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Young, In Debt and Unemployed: Why We're Protesting Sallie Mae's Shareholder Meeting

 
 
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 Hailee Koehler is a graduate from CU – Boulder and a staff member for the United States Student Association.

When I graduated from the University of Colorado in May of 2010 I was so excited.  After 5 years of stress, tears, hard work and some of my most major accomplishments, I had finally finished what my parents had always demanded was absolutely crucial to my success in life, my bachelor’s degree.  I remember being so proud and feeling ready to go out into the world to do something meaningful.

While I was a student, I was extremely engaged.  I served as my student governments legislative affairs director, worked for a campus chapter of a non-profit that advocated for students, the homeless and the environment (to the tune of 25 hours a week as a volunteer), sat on my schools legislative affairs and diversity affairs commissions and worked to register voters during elections seasons.  All of these opportunities allowed my access and the ability to develop very close relationships to my university’s top administrators and so, as I graduated, I felt confident that I would have no problem finding and getting a great job. I just knew that, even in the midst of the Great Recession, all of my extra experience would make me a shoe-in.  I started submitting applications to different organizations all over the country and, while I wasn’t receiving responses right away, I refused to let myself get discouraged because I was sure that I was a cut above most of my peers.  I had worked too hard at becoming a “well-rounded” person while I was in college.  How could no one want me?  Well, at the time, no one did.  I ended up being unemployed for months before I had to take a job as a waitress in a small pizza joint located in the even smaller town of Lafayette, Colorado.  Every day for a year, I worked making barely enough in tips to cover my expenses and I was miserable.  In the evenings, I would scour newspapers and job websites looking for anything that would require some level of my intellectual investment and skill, to no avail.  When I was convinced that I was a complete failure, I made the decision to go back to school not only so I could defer my student loan payments (which had started to roll in) but also so that I could take another stab at becoming good enough to find a job serving my community.  

Fast-forward almost exactly two years.  I am one class away from having an M.A. (something only about 3% of the world has) and I did find a job that I absolutely love but, I have a lot debt because of it.  Between my 200.00 a month car payment, my $3,000.00 worth of credit card debt and my nearly $120,000.00 worth of student loan debt, I have had to make some really bad decisions, like the one to skip paying rent last month and the one to place my student loans into forbearance.  That second decision was especially painful because, as an advocate working to fight for affordable education for all, I spend my days thinking about the student lending industry’s predatory practices and the ridiculously low level of support for higher education amongst voters and elected officials.  I know that student loan debt has surpassed $1 trillion in this US# this year and that the average student graduates with $25,000 in student loan debt#.   I also know that while my generation is the most indebted generation in history, Albert Lord, CEO of Sallie Mae, used part of his $40 million salary in 2007 to build himself a golf course# and that Sallie Mae’s stock portfolio is worth nearly $380 billion.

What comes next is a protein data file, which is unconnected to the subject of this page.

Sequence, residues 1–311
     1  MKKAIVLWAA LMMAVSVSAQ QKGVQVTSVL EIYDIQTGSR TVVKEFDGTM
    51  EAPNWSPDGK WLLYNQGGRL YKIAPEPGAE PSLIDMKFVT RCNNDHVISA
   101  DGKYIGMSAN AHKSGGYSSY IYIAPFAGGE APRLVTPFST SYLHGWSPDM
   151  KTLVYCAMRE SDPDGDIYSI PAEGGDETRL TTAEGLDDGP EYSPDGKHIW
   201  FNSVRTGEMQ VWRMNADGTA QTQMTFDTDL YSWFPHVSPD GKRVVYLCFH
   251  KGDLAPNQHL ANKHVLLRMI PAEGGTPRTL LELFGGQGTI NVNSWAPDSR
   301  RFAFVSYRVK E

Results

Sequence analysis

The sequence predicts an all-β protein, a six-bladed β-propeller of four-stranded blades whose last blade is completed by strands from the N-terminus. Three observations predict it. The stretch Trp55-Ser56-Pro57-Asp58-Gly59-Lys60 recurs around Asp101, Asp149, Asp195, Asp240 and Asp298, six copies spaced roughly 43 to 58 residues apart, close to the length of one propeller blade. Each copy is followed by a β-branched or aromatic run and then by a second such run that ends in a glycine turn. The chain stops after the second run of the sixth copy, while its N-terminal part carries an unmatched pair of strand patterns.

Regardless, I am relatively lucky.  I did find a job and while I am not currently making enough money to stay completely on top of things, I am not as bad off as other recent graduates.  Millions of other extremely qualified, “well-rounded” students have graduated with bachelors degrees over the last five years and around 1.5 million of them were without jobs or were underemployed just last year.  Those who did have jobs

were more likely to be employed as waiters, waitresses, bartenders and food-service helpers than as engineers, physicists, chemists and mathematicians combined (100,000 versus 90,000). There were more working in office-related jobs such as receptionist or payroll clerk than in all computer professional jobs (163,000 versus 100,000). More also were employed as cashiers, retail clerks and customer representatives than engineers (125,000 versus 80,000)#.


These days, students have no choice but to be cautiously optimistic when they finish their educations.  Long gone are the days when a college degree was a “golden ticket” into the world, guaranteeing a salary significantly greater to that of someone with just a high school diploma.  Today, we are faced with brutal fights against each other for jobs and, thus, our survival.  

My hope is that, someday soon, people living in the United States will wake up and realize how ridiculous this situation is and that investing in students is a serious investment in our country.  I hope that voters and elected officials will start supporting measures to forgive large portions of federal student loans, to cap all interest rates on private student loans (such as those from Sallie Mae) to match federal interest rates (3.4%), to allow for the discharge of private student loans through bankruptcy and, in the end, to do everything that we can to make education accessible to everyone because, after all, education is supposed to be a right.  

 

 

AlterNet / By Hailee Koehler

Posted at May 23, 2012, 12:00pm

 
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